Rodents and pigs share with certain aquatic organisms the ability to use their intestines for respiration, finds a study published online on May 14, 2021 in the journal Med. The article is titled “Mammalian Enteral Ventilation Ameliorates Respiratory Failure.” The researchers demonstrated that the delivery of oxygen gas or oxygenated liquid through the rectum provided vital rescue to two mammalian models of respiratory failure. "Artificial respiratory support plays a vital role in the clinical management of respiratory failure due to severe illnesses such as pneumonia or acute respiratory distress syndrome (ARDS)," says senior study author Takanori Takebe (@TakebeLab), MD, PhD, of the Tokyo Medical and Dental University and the Cincinnati Children's Hospital Medical Center. "Although the side effects and safety need to be thoroughly evaluated in humans, our approach may offer a new paradigm to support critically ill patients with respiratory failure." Several aquatic organisms have evolved unique intestinal breathing mechanisms to survive under low-oxygen conditions using organs other than lungs or gills. For example, sea cucumbers, freshwater fish called loaches, and certain freshwater catfish use their intestines for respiration. But it has been heavily debated whether mammals have similar capabilities. In the new study, Dr. Takebe and his collaborators provide evidence for intestinal breathing in rats, mice, and pigs. First, they designed an intestinal gas ventilation system to administer pure oxygen through the rectum of mice. They showed that without the system, no mice survived 11 minutes of extremely low-oxygen conditions. With intestinal gas ventilation, more oxygen reached the heart, and 75% of mice survived 50 minutes of normally lethal low-oxygen conditions. Because the intestinal gas ventilation system requires abrasion of the intestinal muscosa, it is unlikely to be clinically feasible, especially in severely ill patients--so the researchers also developed a liquid-based alternative using oxygenated perfluorochemicals. These chemicals have already been shown clinically to be biocompatible and safe in humans.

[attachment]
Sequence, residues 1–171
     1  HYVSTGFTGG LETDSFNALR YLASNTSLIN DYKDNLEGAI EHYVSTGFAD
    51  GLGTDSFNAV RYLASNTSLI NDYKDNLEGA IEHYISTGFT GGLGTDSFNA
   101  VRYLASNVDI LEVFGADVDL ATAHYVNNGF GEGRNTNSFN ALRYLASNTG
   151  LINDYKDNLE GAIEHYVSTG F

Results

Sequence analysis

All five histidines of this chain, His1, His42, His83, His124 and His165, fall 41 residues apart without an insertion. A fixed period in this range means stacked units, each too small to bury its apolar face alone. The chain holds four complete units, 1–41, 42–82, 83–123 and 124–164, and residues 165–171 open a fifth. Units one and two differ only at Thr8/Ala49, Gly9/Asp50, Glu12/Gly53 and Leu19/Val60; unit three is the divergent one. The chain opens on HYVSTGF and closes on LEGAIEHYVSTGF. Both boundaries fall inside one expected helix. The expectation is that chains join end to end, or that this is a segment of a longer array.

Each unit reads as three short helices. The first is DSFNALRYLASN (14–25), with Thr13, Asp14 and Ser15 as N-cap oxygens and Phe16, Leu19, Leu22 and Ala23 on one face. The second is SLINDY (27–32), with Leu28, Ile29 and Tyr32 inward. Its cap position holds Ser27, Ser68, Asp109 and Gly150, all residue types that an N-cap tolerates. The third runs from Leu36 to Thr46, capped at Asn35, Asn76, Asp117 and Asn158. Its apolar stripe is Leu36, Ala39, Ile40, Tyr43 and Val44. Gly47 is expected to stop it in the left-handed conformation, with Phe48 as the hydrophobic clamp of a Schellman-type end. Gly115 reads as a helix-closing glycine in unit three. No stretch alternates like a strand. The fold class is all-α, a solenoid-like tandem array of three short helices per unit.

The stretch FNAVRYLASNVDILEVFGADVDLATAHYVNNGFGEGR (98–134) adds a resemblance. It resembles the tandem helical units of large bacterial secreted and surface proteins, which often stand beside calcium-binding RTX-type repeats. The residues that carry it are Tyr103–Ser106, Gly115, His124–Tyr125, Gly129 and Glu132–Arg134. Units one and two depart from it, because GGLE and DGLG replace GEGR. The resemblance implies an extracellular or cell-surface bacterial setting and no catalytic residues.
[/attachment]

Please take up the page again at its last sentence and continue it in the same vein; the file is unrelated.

Login Or Register To Read Full Story